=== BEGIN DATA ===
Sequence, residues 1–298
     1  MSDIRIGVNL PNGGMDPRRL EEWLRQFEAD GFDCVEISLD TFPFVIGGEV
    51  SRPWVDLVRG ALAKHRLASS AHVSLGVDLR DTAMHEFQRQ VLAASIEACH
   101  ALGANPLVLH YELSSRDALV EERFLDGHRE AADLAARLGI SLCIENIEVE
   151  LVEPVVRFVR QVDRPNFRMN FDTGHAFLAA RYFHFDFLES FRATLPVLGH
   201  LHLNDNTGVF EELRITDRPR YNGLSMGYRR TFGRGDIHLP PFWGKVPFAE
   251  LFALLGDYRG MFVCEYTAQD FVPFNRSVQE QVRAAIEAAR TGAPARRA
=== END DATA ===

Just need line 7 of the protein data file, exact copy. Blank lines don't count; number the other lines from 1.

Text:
   251  LFALLGDYRG MFVCEYTAQD FVPFNRSVQE QVRAAIEAAR TGAPARRA